Ornately decorated paska bread is customarily prepared for Easter in Ukraine. The dough is marked with a four-sided cross design and often used as the central focus of Ukrainian Easter baskets.
- 1/3 ounce active-dry yeast (from two 1/4-ounce envelopes)
- 6 2/3 cups plus 1 teaspoon all-purpose flour
- 1/2 cup plus 1 teaspoon sugar
- 1/3 cup warm water
- 1 1/3 cups high-gluten bread flour
- 1 2/3 cups milk, warmed
- 2 large eggs
- 8 large egg yolks
- 1/3 cup canola oil, plus more for bowl and brushing dough
- 1/2 teaspoon pure vanilla extract
- Zest of 1/2 lemon
- 1 teaspoon spiced rum
- 1 tablespoon plus 1 teaspoon salt
- 1/3 cup unsalted butter, melted and cooled
- Nonstick cooking spray
- 1 large egg white, beaten
In a large bowl, stir together yeast, 1 teaspoon all-purpose flour, 1 teaspoon sugar, and warm water; let stand until foamy, about 5 minutes. Add 1 1/3 cups all-purpose flour, high-gluten flour, and milk; stir to combine. Cover with plastic wrap and let stand in a warm place until bubbles form, about 30 minutes.
Meanwhile, in the 5-quart bowl of a professional-size 10-speed mixer fitted with the paddle attachment, beat together eggs, 6 egg yolks, and remaining 1/2 cup sugar on high speed. Slowly add canola oil and mix until pale and fluffy, 3 to 5 minutes. Add vanilla, lemon zest, and rum; mix to combine.
Attach the dough hook attachment to mixer. Add salt, 4 2/3 cups all-purpose flour, and yeast mixture. Mix on low speed until dough comes together. Slowly add butter; continue mixing until dough is no longer sticky, 10 to 15 minutes, adding remaining 2/3 cup all-purpose flour, a tablespoon at a time, to prevent sticking. Alternatively, you can knead dough by hand until smooth, 20 to 30 minutes. Transfer to a large lightly-oiled bowl; shape into a ball and lightly coat top with oil. Cover with a clean kitchen towel, followed by a layer of plastic wrap, and then a second clean kitchen towel; let stand in a warm place until doubled in size, about 2 hours.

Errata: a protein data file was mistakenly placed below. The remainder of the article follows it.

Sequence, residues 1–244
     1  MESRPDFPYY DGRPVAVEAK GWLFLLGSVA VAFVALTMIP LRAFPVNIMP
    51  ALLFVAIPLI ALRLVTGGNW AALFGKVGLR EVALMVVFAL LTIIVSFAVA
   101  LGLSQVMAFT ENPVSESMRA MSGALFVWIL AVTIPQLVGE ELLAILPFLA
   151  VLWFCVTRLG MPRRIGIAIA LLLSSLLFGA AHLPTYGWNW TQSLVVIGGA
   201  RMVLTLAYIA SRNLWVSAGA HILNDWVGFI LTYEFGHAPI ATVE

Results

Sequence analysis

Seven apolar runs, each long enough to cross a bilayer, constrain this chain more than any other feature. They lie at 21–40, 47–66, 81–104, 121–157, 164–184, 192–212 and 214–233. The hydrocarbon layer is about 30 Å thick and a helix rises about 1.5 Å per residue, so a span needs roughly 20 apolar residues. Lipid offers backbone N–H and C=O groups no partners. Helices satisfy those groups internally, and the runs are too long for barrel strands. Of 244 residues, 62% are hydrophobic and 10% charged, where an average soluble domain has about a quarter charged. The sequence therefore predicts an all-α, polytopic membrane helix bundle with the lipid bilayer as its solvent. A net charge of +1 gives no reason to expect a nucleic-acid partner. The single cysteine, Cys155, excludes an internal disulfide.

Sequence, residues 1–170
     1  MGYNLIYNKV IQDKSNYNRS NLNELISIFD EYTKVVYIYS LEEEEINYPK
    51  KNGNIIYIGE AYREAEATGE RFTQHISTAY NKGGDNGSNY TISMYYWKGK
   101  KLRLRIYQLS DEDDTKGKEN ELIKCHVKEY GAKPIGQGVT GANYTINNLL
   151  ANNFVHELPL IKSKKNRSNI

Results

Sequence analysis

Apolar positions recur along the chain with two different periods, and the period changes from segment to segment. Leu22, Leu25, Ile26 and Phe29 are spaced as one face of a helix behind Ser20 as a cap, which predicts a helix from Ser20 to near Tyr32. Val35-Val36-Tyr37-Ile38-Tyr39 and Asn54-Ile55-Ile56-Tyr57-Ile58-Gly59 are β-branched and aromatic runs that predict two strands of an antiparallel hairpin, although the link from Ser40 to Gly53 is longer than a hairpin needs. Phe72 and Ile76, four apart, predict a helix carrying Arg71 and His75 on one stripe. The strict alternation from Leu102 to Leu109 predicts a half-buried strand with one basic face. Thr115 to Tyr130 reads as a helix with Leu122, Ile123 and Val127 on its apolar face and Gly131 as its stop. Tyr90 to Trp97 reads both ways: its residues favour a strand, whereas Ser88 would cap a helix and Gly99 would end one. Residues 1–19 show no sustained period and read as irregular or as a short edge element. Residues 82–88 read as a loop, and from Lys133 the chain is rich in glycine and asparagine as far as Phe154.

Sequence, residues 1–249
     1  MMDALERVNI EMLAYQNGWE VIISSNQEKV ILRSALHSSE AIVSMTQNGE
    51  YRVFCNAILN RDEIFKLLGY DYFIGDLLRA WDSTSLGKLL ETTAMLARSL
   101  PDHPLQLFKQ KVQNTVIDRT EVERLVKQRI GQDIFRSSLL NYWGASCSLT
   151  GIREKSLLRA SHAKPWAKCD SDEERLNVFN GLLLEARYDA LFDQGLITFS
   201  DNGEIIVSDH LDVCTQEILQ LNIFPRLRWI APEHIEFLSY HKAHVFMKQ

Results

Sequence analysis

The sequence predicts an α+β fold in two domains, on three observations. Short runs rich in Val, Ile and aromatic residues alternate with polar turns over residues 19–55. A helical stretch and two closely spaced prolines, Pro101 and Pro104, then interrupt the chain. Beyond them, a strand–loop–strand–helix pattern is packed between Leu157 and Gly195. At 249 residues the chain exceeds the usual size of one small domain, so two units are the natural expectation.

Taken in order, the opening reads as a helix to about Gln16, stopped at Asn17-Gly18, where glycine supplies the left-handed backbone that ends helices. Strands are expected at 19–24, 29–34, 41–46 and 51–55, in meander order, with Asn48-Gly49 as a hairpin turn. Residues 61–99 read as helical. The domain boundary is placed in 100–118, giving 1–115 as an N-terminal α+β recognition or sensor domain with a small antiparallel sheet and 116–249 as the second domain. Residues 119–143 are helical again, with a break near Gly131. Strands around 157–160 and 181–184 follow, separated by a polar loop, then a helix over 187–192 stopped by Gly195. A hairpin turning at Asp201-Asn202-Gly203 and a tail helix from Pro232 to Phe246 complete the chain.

Line the bottom of two 6-quart ovenproof saucepans with waxed paper rounds. Line sides with waxed paper, leaving an overhang of 3 inches; spray paper with nonstick cooking spray and set aside.
Weight out two 1 1/2-pound pieces of dough; pinch and shape each piece into a flat disk and transfer to prepared saucepans. Using a toothpick, pierce the dough to remove air bubbles. Cover with a clean kitchen towel; let stand in a warm place while preparing decorations.
Form remaining dough into suns, cross shapes, and fertility symbols for decoration. Brush tops of each loaf with egg white and top with decorative dough; secure using toothpicks. Cover with a clean kitchen towel and let loaves stand in a warm place until dough comes to top of pan, about 2 hours.
Preheat oven to 325 degrees. In a small bowl, whisk together remaining 2 egg yolks with 2 teaspoons water. Brush tops of loaves with egg yolk mixture and transfer to oven; bake until tops are golden brown, about 1 hour. If paska begins to brown too quickly, cover with parchment paper-lined aluminum foil.
Remove paska from oven. Immediately remove from pans and gently remove toothpicks from bread. Transfer to clean kitchen towel and cover with a second clean kitchen towel to cool. Paska can be frozen for up to 6 months.